in equal numbers, but were less likely than males to submit an  
abstract as the first author. Perhaps females were less likely than  
males to request a talk. Whatever the reasons - whether it is a bias  
exhibited by the organizing committee, or that females are simply  
requesting talks less often than males - it is important to understand  

Finally, there was some outcry from the SPD community over the number  
of talks during the meeting relative to the number of posters. It was  
felt that far too many people who requested talks were instead given  
posters. If it is the case that males were preferentially chosen out  
of the pool of submitted abstracts to give talks, it is further  
frustrating that too many people who wanted a talk did not get one.

I am curious how others who were or were not at the meeting felt about  
this, and what solutions exist.

[Please respond with advice to AASWomen (see How to Submit to the  
AASWomen Newsletter below).]

[To see the context of these numbers, please visit: percent.html - Webmaster]

4.  APS International Travel Grant
From:  WIPHYS, June 17, 2011

Following the initiative of the APS Forum on International Physics  
(FIP), the sponsors of the APS International Travel Grant Award  
Program (ITGAP) recognize that funding for collaborations between  
developed and developing country scientists is often insufficient to  
meet existing needs and opportunities. The ITGAP provides up to US  
$2,000 for travel and lodging expenses for international travel while  
visiting a collaborator. Deadline is July 13, 2011.  For more details  
and to apply, visit:


5.  APS Professional Skills Development Workshop
From:  WIPHYS, June 17, 2011

Thanks to funding from the National Science Foundation, APS will offer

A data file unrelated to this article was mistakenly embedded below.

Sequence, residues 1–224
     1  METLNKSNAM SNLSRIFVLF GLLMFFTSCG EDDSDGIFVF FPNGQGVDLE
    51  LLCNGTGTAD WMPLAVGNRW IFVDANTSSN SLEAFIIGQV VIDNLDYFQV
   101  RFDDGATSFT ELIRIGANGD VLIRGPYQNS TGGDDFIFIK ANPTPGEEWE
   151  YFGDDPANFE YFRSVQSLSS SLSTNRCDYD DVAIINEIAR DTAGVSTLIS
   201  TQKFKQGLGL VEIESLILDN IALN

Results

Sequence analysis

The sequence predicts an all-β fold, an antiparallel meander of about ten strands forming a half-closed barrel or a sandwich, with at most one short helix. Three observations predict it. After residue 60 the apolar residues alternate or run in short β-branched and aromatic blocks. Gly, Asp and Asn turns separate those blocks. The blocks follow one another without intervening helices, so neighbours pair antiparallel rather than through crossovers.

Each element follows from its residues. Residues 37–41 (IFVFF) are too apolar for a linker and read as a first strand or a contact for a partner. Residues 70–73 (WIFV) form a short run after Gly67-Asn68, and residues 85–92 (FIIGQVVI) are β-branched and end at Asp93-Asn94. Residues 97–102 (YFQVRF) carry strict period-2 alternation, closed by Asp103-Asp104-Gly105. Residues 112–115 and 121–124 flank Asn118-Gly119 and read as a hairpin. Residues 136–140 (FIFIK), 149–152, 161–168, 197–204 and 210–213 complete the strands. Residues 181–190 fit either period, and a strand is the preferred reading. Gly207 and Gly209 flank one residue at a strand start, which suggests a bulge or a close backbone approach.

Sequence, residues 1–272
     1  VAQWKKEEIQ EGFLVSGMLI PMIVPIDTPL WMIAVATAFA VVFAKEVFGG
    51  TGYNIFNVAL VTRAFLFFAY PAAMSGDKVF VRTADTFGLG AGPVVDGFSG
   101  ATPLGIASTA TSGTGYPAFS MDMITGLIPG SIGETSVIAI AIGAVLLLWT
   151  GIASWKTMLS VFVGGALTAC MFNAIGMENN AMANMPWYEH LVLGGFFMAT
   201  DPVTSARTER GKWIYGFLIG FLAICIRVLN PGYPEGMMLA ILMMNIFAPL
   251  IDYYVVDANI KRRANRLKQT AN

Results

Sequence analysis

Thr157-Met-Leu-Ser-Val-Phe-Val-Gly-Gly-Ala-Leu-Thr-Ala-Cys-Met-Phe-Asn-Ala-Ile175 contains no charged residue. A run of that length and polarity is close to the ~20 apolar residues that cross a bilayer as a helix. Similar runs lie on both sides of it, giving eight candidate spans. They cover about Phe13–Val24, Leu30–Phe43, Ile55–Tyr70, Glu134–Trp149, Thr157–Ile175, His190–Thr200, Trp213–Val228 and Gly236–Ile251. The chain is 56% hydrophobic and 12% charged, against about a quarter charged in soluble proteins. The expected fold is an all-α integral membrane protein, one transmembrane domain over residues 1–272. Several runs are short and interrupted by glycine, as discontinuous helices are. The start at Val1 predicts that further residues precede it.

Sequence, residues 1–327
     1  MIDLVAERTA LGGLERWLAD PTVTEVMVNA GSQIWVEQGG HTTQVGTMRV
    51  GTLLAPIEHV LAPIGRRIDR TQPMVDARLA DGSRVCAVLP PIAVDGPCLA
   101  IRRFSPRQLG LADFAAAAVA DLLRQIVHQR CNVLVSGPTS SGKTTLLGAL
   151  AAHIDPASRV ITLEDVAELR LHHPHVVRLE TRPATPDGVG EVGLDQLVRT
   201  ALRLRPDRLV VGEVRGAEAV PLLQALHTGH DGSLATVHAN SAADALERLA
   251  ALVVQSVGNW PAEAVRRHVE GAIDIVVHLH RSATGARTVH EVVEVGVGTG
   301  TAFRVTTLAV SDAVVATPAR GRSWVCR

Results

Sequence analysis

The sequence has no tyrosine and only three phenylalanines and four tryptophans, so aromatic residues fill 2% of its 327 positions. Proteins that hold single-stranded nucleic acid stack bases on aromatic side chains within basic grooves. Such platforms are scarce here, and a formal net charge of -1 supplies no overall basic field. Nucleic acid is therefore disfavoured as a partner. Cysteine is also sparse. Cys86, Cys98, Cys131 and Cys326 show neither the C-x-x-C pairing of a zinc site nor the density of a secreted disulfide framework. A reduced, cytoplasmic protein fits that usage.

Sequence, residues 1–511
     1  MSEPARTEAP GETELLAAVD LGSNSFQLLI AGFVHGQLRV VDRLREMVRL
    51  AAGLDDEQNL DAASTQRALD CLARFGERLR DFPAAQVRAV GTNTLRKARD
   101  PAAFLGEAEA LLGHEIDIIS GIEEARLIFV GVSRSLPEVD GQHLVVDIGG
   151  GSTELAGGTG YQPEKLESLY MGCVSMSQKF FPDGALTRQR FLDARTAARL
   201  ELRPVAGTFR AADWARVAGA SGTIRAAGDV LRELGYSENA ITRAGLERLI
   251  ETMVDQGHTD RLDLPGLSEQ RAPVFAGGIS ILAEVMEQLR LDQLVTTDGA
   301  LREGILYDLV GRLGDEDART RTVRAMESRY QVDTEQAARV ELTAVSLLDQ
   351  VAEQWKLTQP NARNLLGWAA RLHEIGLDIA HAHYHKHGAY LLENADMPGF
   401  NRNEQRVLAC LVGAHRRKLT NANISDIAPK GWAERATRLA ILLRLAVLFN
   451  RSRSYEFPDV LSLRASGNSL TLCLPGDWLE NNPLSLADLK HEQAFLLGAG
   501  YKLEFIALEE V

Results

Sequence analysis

another year of Professional Skills Development Workshops for Women  
Physicists. The March 2012 meeting workshop in Boston will focus on  
postdoctoral associates and senior faculty and scientists. The April  
2012 Meeting workshop in Atlanta will focus on postdoctoral associates  
and early-career faculty and scientists. Senior-level graduate  
students are also encouraged to apply.

For more information and to apply, visit [link corrected by Webmaster]:


6.  Job Announcements
From:  WIPHYS, June 17, 2011

[The AASWOMEN newsletter has adopted a simplified format for job ads.   
We will no longer be posting the entire ad, but rather a 1-line  
description of the position and a web site -- Eds.]

The Rochester Institute of Technology Department of Physics invites  
applications for two or more non-tenure track faculty positions at the  
rank of Lecturer. Positions begin August 22, 2011 and may have the  
possibility of renewal.  The primary responsibility of the position is  
teaching introductory physics in an activity-based, workshop format.   
All application materials must be submitted online in one pdf file by  
July 8, 2011 at


(search for IRC47414).

7.  How to Submit to the AASWomen Newsletter

[Please remember to replace "_at_" in the below e-mail addresses.]

To submit an item to the AASWomen newsletter, including replies to  
topics, send email to

aaswomen_at_aas.org .

All material will be posted unless you tell us otherwise, including  
your email address.

Please remember to replace "_at_" in the e-mail address above.

8.  How to Subscribe or Unsubscribe to the AASWomen Newsletter

To subscribe or unsubscribe to the AASWOMEN newsletter, please fill in  
the required information at:

http://lists.aas.org/cgi-bin/mailman/listinfo/aaswlist .

If you experience any problems, please email itdept_at_aas.org

9. How to Access Past Issues of the AASWomen Newsletter

Past issues of AASWomen are available at


Each annual summary includes an index of topics covered.

AASWList mailing list


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End of AASWList Digest, Vol 52, Issue 4